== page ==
Nativism and the Diminishment of American Rights

There may be new things under the sun, but the recent rise of nativism in the United States is not one of them. The political forces attempting to reduce, revoke, or reject citizenship – and voting power – of naturalized Americans are engaged in a time-(dis)honored American pastime of seeking partisan political advantage over a rival party more popular with immigrants.

As usual, the partisan advantage is camouflaged by questions of loyalty to America and commitment to American values of hard work and self-sufficiency.

The Republican Party that attracted Abraham Lincoln in the 1850s arose as an amalgam of many anti-Democratic (the party) movements. One of those movements – decidedly not endorsed by President Lincoln – was nativism. Though it is hard today to imagine, The New York Times of the 1850s claimed “our adopted citizens” had a duty of “thoroughly Americanizing themselves.” Nativism then was no more fringe than it is today.

In hindsight, Lincoln and other Western Republican leaders seem to have possessed greater than average political savvy or greater than average commitment to democratic ideals, or both. Rejecting the calls of those in their party who wished to reduce, restrain, or reject citizenship – and the right to vote – for anyone not born in the U.S., these forces outlasted those opposing immigration in the struggle for control of the GOP. 

One political reality that motivated these urges was the strength of Democrats in large cities and the ease with which the party absorbed immigrant voters. Democratic candidates, buoyed by large numbers of immigrants in Northern cities, reinforced the dominance of the Southern Democratic aristocracy for a period.

Some elements of the Republican Party saw particularly in German and Irish immigrants elements predisposed to drink and to the dole. If this sounds uncomfortably familiar, we should not be surprised. The anti-immigration push of the 1850s was preceded by one in the 1790s and succeeded by another in the 1920s.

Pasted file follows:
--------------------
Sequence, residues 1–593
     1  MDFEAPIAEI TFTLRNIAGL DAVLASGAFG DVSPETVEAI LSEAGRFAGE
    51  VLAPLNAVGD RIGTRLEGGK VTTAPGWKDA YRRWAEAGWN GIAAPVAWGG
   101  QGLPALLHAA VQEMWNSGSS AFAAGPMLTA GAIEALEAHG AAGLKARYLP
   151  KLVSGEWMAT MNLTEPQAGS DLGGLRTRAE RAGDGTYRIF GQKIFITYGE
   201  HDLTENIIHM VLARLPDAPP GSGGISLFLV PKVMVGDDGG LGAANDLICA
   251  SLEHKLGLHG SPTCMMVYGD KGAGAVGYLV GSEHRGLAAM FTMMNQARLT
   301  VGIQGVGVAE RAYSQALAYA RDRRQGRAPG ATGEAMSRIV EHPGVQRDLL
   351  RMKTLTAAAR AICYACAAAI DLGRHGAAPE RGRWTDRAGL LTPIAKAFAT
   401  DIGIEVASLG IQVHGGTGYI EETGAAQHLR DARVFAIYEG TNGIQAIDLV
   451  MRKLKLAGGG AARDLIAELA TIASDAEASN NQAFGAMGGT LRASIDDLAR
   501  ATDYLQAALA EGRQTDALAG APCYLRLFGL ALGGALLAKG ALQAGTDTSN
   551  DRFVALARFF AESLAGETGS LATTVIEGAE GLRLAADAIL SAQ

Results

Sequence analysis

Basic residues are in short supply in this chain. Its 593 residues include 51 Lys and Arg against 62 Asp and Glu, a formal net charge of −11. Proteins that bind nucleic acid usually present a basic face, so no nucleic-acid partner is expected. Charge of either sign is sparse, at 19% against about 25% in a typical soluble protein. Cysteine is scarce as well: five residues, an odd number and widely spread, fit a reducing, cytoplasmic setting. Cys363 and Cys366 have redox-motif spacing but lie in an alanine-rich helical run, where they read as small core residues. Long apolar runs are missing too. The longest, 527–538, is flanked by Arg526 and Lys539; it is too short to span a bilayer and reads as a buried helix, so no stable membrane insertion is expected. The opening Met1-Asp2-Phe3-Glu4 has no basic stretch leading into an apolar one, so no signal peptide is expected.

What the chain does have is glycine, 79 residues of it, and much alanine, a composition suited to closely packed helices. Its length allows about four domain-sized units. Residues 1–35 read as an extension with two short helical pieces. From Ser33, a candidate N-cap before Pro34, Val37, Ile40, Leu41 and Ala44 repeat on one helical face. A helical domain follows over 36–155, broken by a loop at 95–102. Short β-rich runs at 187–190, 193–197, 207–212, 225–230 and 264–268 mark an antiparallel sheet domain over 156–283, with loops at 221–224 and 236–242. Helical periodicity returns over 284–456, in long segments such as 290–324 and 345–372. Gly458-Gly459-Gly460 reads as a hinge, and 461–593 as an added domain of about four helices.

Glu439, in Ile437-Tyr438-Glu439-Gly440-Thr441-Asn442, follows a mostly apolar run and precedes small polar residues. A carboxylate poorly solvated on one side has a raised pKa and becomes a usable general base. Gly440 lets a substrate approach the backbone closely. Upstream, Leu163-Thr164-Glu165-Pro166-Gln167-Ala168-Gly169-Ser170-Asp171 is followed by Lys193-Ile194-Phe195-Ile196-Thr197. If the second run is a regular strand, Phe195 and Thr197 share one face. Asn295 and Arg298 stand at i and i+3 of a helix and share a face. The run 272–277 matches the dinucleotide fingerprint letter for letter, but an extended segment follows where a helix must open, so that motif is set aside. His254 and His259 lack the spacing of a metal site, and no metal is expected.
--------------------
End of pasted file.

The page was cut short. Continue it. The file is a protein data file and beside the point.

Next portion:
So today, we should not let the usualness of nativism numb us to the un-Americanness of it. By American, I mean the America of our aspirations, of our better angels.

Recent immigration policy changes are troubling. Without evidence of any deep policy discussion, the federal government has involuntarily discharged legal, foreign-born military recruits in the MAVNI program that leads to citizenship.

While there is a temporary halt to this policy, the U.S. Citizenship and Immigration Services—an agency of the Department of Homeland Security–has announced a program to denaturalize large numbers of citizens in administrative procedures that, according to a troubled Supreme Court Chief Justice John Roberts, give the government unlimited power to denaturalize anyone it wants.

There is little doubt that immigration policy is being retrenched by the current administration, but can partisan politics help explain this? Both the conservative and liberal media carry stories suggesting there is evidence to support such a hypothesis.

The Washington Examiner cites a 2012 study showing that 62 percent of naturalized immigrants identify as Democrats compared to only 25 percent who identify as Republicans. The New York Times and others published stories of immigrants, particularly those from Latin America, seeking citizenship – and the vote – in an ultimately failed attempt to defeat President Trump’s bid for the White House.

Americans of all political persuasions should defend the rights of all of us. To paraphrase President Kennedy, the rights of everyone are diminished when the rights of one of us are threatened.

Brendan Cushing-Daniels is an associate professor of economics and the Harold G. Evans Chair of Eisenhower Leadership Studies at the Eisenhower Institute at Gettysburg College.

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